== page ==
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How to Understand Food Labels

It is very important to understand food labels and the nutrition tables found on packages. This information is key to understanding the ingredients, and nutrients in our food so we can help make informed decisions about the food we put into our bodies.

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With that being said, sometimes they can be hard to understand, and down right confusing. So I want to go through the basics of understanding a food label so you can make an informed choice in the foods that you eat.

Why is it important to be able to read food labels?

Food labels are important because they tell you the ingredients that are in your food. The ingredients are always listed in order from the food/ingredient with the most quantity in it to the one with the least amount in it.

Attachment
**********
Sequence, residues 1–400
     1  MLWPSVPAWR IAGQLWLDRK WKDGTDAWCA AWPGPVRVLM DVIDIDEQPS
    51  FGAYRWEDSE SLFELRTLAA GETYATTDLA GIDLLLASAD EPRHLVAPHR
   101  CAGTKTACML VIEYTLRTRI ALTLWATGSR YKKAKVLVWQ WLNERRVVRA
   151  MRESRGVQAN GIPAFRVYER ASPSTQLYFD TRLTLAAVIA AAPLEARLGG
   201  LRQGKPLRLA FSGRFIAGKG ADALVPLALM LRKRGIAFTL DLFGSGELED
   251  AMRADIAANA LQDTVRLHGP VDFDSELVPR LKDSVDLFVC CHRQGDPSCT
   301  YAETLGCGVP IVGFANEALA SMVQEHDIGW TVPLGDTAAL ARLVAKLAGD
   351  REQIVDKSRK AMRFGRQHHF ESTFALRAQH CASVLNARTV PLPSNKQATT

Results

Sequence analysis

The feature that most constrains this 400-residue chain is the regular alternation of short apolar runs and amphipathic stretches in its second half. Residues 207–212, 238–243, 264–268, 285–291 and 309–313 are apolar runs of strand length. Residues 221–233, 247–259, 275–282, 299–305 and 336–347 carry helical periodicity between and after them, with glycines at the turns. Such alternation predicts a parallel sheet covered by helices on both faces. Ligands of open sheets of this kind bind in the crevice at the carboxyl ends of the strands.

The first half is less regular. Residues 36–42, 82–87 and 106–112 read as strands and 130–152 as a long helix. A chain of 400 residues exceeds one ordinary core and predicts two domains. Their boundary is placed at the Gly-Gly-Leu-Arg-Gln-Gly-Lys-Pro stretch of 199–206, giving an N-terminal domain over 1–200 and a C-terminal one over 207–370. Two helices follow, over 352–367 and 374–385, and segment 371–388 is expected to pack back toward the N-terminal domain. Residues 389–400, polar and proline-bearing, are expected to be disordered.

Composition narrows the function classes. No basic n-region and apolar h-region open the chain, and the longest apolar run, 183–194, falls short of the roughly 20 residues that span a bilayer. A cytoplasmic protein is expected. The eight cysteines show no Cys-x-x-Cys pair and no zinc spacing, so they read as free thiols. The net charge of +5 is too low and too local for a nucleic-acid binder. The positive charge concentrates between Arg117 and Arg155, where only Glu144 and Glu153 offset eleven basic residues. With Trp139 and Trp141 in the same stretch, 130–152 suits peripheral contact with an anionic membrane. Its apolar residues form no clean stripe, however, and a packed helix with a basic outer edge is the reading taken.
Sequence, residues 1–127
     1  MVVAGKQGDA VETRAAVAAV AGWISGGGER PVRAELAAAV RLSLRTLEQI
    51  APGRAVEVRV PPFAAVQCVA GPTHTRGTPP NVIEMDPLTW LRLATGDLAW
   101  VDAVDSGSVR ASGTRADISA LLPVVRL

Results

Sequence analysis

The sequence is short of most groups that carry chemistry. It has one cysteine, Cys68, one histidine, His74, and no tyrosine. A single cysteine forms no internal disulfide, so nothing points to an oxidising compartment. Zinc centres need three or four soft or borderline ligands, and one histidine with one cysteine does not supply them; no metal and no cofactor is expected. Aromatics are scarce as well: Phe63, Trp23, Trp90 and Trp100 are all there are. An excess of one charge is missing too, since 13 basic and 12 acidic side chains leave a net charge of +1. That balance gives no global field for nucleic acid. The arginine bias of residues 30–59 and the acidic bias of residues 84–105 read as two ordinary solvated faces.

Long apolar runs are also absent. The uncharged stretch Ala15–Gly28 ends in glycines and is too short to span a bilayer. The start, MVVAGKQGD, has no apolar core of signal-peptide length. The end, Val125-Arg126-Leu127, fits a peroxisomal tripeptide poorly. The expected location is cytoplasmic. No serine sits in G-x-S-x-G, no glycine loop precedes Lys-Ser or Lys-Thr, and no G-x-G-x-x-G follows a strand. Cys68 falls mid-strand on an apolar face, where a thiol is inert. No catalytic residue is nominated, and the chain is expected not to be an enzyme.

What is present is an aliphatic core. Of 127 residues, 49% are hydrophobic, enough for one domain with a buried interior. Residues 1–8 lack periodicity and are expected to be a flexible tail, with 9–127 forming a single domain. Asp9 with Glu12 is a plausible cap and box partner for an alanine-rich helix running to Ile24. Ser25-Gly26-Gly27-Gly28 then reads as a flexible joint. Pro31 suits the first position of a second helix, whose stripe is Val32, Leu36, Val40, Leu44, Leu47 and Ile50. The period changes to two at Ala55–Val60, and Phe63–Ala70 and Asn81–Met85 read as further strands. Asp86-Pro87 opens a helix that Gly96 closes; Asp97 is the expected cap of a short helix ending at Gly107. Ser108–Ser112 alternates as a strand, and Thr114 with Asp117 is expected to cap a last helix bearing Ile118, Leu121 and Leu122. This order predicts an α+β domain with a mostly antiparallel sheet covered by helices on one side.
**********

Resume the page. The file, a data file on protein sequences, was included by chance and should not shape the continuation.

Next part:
It will also tell you what percentage of your daily requirement of nutrients are in the package, or what nutrients it lacks so you can provide yourself with a more rounded diet if you rely on packaged or processed foods. Many food items (and personal care products) “green wash” which means from the front of the package it looks healthy and natural, but in fact when you read the ingredients it states otherwise. A food can say “sweetened with honey” and you think it sounds good and a healthier snack or treat but in reality when you read the ingredients the first ingredient is sugar (which means the highest amount of any ingredient is sugar) and the last ingredient is honey (which is the lowest amount of any ingredient in the product). So for a product to claim something like that doesn’t necessarily mean it has no unhealthy ingredients in it, just that it has some of that ingredient in its package.